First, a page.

By The Huffington Post By Kira Brekke
Just last week, “Django Unchained” actress Danielle Watts was allegedly mistaken for a prostitute after she was seen kissing her white boyfriend.
The story made headlines and raised awareness about the ever-present racial profiling that continues to permeate our society. Unfortunately, though, Watt’s story has a similar narrative to another situation involving a group of women and a security guard at the Standard Hotel in New York City.
Kantaki Washington, the executive director of Sol Afrik, and her two friends were invited to the downstairs bar at the swanky West Village hotel by a group of men they met in the lobby. An African American man walked up to their table to talk to the women but was quickly escorted out by a security guard, which the women thought was “odd.”
However, before the security guard walked away, he looked at the three women and said, “Come on, ladies, you can buy drinks here, but you cannot solicit.”
Washington and her friends were confused and questioned the guard.
“We were like, ‘What are you saying?’ So he was like, ‘Come on, ladies, you know what you’re doing. There’s no soliciting here,'” she told HuffPost Live’s Alyona Minkovski.
And then the women realized what was going on — they were the only African American women at the hotel at the time, and they were being accused of prostitution.
“That’s when I stood up and explained, ‘Look, I have a legal background, I went to law school, what are you saying? These women are educators. There’s no way that we are here soliciting, nor do we have any reason to solicit.’ And he was like, ‘I don’t really care who you are,'” Washington said.
Washington and her friends wanted an apology and asked the manager how to get in touch with guest services, but they were given a “hesitant” reaction. It wasn’t until a reporter later found out about their story that the Standard started giving them more attention.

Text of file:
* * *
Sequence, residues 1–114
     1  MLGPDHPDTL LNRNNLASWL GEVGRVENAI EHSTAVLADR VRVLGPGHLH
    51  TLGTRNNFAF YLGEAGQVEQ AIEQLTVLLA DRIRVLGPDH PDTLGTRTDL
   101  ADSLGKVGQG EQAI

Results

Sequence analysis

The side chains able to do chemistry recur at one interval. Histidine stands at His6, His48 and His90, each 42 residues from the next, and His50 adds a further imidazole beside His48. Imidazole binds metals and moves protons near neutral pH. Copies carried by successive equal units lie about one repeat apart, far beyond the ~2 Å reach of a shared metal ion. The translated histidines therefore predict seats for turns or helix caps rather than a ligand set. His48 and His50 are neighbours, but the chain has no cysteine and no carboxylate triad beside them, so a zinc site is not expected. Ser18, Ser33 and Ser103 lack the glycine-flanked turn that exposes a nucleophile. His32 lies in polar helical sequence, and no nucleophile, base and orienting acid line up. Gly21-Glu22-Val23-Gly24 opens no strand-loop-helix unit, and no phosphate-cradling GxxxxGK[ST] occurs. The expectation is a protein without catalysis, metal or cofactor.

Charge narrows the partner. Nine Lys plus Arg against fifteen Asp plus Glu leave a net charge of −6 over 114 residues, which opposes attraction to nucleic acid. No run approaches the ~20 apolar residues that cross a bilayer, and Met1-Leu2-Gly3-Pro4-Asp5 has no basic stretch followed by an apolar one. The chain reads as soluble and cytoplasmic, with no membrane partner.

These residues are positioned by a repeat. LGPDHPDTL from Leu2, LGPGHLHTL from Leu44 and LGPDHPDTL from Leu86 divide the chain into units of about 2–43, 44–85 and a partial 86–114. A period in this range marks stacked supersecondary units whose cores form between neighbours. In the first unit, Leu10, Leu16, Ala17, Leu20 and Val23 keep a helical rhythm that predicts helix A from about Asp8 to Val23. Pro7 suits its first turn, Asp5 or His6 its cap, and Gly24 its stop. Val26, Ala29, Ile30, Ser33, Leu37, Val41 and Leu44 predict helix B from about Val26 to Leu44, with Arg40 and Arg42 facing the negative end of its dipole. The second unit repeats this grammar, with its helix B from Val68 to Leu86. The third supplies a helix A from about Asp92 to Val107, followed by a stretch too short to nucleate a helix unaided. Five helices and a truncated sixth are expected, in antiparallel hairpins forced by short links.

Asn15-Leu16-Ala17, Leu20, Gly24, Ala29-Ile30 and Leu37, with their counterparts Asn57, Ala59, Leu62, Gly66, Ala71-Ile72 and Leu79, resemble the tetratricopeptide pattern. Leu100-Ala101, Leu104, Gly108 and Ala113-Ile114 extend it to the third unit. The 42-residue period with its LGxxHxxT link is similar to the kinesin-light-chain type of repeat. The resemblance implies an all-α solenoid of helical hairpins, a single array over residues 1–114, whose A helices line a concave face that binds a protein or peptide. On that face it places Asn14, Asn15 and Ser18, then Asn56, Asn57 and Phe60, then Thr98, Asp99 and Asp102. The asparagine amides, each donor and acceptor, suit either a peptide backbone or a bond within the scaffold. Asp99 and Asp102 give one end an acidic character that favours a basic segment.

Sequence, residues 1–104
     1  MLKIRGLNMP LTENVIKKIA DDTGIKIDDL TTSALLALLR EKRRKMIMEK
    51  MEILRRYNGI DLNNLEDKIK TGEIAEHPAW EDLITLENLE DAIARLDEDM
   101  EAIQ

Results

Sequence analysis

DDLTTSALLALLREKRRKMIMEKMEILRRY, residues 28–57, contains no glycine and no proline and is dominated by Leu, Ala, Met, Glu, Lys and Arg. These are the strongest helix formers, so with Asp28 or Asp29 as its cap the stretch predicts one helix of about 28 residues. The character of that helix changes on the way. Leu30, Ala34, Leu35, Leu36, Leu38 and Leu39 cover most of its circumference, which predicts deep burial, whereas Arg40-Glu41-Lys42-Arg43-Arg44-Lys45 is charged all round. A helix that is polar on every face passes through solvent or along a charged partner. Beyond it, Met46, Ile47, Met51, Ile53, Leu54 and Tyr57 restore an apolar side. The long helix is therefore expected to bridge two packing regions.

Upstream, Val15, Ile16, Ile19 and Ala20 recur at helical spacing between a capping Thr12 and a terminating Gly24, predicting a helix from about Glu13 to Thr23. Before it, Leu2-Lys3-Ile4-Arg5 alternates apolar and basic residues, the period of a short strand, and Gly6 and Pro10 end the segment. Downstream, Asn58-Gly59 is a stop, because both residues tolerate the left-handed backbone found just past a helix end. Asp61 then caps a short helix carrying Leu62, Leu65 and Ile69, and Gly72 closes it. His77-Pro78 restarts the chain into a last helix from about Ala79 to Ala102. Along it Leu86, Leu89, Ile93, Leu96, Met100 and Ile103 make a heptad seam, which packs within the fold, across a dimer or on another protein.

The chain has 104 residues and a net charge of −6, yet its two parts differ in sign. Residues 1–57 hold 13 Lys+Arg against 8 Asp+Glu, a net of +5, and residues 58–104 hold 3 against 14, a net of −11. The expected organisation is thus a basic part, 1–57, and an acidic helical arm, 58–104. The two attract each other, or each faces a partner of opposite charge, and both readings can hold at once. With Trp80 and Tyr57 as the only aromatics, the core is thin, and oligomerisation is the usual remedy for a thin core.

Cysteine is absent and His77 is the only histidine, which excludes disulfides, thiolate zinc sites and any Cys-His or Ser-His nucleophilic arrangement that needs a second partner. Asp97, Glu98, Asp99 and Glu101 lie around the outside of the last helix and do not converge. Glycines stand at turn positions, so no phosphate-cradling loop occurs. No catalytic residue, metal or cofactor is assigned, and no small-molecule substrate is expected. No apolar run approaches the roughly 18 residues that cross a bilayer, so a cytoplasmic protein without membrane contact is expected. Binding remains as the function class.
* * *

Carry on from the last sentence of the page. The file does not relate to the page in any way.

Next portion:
“When a reporter got the story and reached out to [the Standard], all of a sudden they were ready, willing and able to have conversations with us,” Washington said.
The hotel subsequently emailed Washington, offering to sponsor a dinner for her and her friends that she said would have amounted to about $400 and a bottle of champagne. However, the women found the offer offensive.
“For us, it was kind of an insult to be given a dinner. We felt like we’re professional women, we can kind of afford that,” she said. “We think there should be more of a greater action taken on behalf of the hotel. They need to make sure that patrons feel comfortable, that they have a good image and also to rectify the situation. We were the only African American women in there.”
Since the story has become more public, Washington is considering the role that racial-profiling may have played in the security guard’s highly offensive behavior.
“I’m not saying maybe race was an issue, but I can say we were the only African American women in there and they targeted us for prostitution immediately,” she said. “No questions asked, and there was no apology that was given on the spot.”